ITcon Vol. 19, pg. 126-149,

Building information modelling: protocols for collaborative design processes

published:July 2014
editor(s):Rezgui Y
authors:Mohamad Kassem, Associate Professor,
Technology Futures Institute, Teesside University

Nahim Iqbal, BIM Manager, BIM Academy,
Northumbria University

Graham Kelly, BIM Development Manager, KTP Associate,
Teesside University, BIM Academy

Stephen Lockley, Professor,
Northumbria University

Nashwan Dawood, Professor, Technology Futures Institute,
Teesside University
summary:Numerous frameworks and protocols are being developed to facilitate BIM understanding and implementation. A BIM framework is a structured theoretical construct that can assist in organizing BIM domains of knowledge and facilitate the creation of new knowledge. BIM Protocols explain or simplify aspects of the BIM implementation by providing detailed steps or conditions (e.g. workflows, plans, manuals, etc.) to reach a measurable outcome. Currently available BIM protocols lack the level of details and the inclusion of implementation variables and complexities present at project levels. This research aims to propose protocols for BIM collaborative design that can be utilized at project level by an entire supply chain to increase the efficiency and consistency of information flow and BIM deliverables. A grounded theory approach was adopted due to its particular emphasis on providing explicit strategies for defining and studying processes. The proposed protocols consist of flowcharts, diagrams and matrices that guide the processes of BIM implementation for collaborative design among lead architects, engineering consultants, clients and contractors. A top-level model of the protocols, representing the main elements of the protocols, the relations between elements, the underpinning methodology and a gate decision for technology, process and policy approval, is presented as an abstraction of the content of the protocols. The testing of the protocols in two international design competitions, using a mixed quantitative-qualitative, demonstrated their potential in improving the quality and quantity of information delivered to stakeholders involved in the design process. There are primary and secondary contributions that stemmed from this research. The primary contribution is represented by both the methodology for development and testing and the proposed protocols for BIM collaborative design. The secondary contribution derives from the classification and review of BIM frameworks and the demonstration of the influence of the BIM project physical environment on the performance of teams.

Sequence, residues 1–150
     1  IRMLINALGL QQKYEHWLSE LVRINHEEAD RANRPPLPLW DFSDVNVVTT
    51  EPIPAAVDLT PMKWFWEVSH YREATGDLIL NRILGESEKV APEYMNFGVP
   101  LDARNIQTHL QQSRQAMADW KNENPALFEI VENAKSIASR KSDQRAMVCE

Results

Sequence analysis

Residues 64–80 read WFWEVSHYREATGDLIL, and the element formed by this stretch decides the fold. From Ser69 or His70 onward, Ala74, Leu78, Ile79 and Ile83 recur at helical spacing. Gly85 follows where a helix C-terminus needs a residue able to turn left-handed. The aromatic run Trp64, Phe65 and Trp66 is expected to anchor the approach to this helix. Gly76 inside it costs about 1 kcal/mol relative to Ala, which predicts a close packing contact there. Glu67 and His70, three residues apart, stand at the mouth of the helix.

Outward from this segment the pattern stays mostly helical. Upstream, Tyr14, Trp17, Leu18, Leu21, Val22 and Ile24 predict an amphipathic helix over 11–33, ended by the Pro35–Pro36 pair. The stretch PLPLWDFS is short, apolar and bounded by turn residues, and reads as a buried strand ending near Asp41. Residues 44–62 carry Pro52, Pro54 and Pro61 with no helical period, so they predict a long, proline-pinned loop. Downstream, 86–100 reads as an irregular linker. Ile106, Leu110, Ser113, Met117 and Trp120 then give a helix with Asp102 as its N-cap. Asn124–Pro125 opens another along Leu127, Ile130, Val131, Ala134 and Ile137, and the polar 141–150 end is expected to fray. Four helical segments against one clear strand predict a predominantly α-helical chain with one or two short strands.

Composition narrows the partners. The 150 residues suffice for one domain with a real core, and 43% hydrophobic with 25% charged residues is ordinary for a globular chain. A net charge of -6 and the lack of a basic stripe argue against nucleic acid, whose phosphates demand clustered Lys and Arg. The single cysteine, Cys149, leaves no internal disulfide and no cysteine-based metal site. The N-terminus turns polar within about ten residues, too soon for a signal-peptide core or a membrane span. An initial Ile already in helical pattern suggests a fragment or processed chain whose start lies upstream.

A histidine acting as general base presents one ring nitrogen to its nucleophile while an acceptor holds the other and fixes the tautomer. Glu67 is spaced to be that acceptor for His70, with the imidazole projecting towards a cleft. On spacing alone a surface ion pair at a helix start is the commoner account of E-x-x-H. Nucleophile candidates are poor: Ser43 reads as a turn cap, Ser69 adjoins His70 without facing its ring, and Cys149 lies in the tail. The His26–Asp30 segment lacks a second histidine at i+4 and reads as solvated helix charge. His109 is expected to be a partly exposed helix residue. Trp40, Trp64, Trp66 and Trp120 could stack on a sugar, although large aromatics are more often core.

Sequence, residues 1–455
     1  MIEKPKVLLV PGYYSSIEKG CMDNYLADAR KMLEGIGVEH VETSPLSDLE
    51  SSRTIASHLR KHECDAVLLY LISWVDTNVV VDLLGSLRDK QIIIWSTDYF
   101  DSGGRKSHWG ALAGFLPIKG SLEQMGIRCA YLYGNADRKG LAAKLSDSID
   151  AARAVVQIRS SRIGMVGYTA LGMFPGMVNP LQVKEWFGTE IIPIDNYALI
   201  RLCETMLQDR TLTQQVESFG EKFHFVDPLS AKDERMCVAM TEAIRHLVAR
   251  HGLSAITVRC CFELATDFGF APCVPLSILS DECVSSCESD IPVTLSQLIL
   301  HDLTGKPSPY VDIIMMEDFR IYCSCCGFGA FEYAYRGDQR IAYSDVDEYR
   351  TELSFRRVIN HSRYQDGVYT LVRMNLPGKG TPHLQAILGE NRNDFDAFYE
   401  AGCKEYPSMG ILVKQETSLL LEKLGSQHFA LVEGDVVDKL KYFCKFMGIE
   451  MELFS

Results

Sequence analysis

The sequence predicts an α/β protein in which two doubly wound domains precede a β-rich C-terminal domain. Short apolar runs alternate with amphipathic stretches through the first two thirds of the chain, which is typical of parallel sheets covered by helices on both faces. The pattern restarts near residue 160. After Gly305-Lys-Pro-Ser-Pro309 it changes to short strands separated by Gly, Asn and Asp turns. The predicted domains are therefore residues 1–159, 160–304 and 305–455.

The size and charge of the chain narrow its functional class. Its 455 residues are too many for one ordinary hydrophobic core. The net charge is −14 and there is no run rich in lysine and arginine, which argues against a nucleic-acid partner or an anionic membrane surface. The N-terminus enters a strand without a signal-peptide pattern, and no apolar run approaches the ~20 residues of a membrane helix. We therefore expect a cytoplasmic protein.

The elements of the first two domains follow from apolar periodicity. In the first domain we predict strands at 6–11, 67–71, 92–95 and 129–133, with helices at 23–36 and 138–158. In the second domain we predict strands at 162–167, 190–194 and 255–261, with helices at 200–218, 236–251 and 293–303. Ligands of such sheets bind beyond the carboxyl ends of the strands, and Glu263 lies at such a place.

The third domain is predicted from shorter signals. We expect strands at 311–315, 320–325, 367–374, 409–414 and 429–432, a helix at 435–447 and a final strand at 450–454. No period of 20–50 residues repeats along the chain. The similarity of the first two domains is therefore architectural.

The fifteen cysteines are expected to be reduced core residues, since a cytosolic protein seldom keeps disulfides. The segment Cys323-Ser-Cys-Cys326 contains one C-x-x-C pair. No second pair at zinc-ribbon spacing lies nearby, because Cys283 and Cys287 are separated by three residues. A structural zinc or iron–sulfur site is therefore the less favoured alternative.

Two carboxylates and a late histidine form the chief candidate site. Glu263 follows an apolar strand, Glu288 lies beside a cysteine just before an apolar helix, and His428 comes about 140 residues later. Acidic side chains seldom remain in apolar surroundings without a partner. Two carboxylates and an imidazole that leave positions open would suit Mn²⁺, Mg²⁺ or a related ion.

keywords:Building Information Modelling, framework, grounded theory, protocol
full text: (PDF file, 1.508 MB)
citation:Kassem M, Iqbal N, Kelly G, Lockley S, Dawood N (2014). Building information modelling: protocols for collaborative design processes, ITcon Vol. 19, pg. 126-149,